|I like the minimal reusable packaging|
I purchased Rolobox over the weekend and it arrived at my doorstep this afternoon, so we played a little bit after dinner. I'll admit that I didn't read the product description thoroughly before purchasing. The wheels are much larger than I expected. The wheels and axles are easy to assemble though parents should do the hole punching into the cardboard. Rolobox website shows a pencil for puncturing, but our shoe box needed scissors. Please use caution when cutting holes into cardboard (I am clumsy, which one reason I recommend hole punch + skewer sticks for axles when it comes to our toilet paper racers).
|J and his new race car|
Surprisingly, we had a shoebox handy (one that has outlasted the pair of shoes that came with them). I also thought a Cars box was pretty relevant for a (race) car science demonstration. It seems like it would work with tissue boxes and any corrugated cardboard box.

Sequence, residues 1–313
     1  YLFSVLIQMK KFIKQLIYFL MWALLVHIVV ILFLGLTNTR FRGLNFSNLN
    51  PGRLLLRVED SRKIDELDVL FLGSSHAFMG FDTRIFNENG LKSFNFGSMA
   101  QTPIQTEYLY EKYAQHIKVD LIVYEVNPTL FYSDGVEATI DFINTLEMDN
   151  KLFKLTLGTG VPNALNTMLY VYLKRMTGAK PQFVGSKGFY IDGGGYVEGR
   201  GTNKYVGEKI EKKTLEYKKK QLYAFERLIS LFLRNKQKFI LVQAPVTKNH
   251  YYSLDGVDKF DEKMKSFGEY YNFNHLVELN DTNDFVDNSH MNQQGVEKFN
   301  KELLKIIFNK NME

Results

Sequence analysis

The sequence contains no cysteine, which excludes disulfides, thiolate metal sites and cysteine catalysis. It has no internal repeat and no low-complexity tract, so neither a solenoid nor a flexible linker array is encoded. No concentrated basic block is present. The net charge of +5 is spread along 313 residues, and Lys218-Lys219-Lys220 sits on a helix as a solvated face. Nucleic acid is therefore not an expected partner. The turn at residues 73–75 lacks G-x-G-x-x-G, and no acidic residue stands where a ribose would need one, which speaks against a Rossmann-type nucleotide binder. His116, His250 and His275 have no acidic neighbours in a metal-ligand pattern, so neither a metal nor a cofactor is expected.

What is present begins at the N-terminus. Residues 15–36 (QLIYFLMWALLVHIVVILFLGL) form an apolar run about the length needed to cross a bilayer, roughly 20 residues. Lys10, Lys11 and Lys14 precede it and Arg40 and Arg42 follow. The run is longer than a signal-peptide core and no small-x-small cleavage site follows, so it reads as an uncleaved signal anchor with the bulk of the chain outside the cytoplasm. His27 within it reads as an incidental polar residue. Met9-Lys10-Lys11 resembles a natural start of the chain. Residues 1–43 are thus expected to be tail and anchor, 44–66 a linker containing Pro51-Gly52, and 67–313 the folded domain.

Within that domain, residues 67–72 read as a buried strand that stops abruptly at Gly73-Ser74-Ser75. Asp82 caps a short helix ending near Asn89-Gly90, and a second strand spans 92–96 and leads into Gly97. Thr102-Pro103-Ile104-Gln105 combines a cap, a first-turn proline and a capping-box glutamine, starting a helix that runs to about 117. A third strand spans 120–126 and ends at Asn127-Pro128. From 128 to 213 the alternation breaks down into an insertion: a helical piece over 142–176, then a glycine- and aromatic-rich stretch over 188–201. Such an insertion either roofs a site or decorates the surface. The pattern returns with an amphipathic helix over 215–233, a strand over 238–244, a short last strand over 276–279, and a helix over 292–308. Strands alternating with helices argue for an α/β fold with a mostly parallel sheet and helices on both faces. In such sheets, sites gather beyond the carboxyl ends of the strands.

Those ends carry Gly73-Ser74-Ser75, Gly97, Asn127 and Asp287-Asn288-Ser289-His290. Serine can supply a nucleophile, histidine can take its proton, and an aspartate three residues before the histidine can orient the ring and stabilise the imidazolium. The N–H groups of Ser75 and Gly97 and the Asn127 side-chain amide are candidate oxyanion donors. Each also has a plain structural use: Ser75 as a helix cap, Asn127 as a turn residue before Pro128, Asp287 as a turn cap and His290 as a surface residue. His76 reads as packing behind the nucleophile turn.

Sciency things to do with makeshift car and Rolobox Wheels:
- Attach the wheels so you can put things in the box. How does the car move with different items in them? How does the car move when loaded down with rocks? How does the car move when loaded with tissues?
- How does the car roll on carpet vs. wood floor vs. linoleum/tile?
- Flip the box so the bottom of the box is the top of the car. Add a sail, balloon(s), or fan/motor(s). Can you get your car to move without pulling on the included string?
- Cut your car into a more aerodynamic shape (think "teardrop" or more like a triangle). Test it using gravity on a makeshift ramp (we use particle board as ramps) How does a more aerodynamic vehicle move in comparison to a boxy vehicle?
Now if only I could find reusable wheels small enough to attach to our toilet paper rolls (our most plentiful recyclable) that would also be light enough to move with simple kid power (blowing)...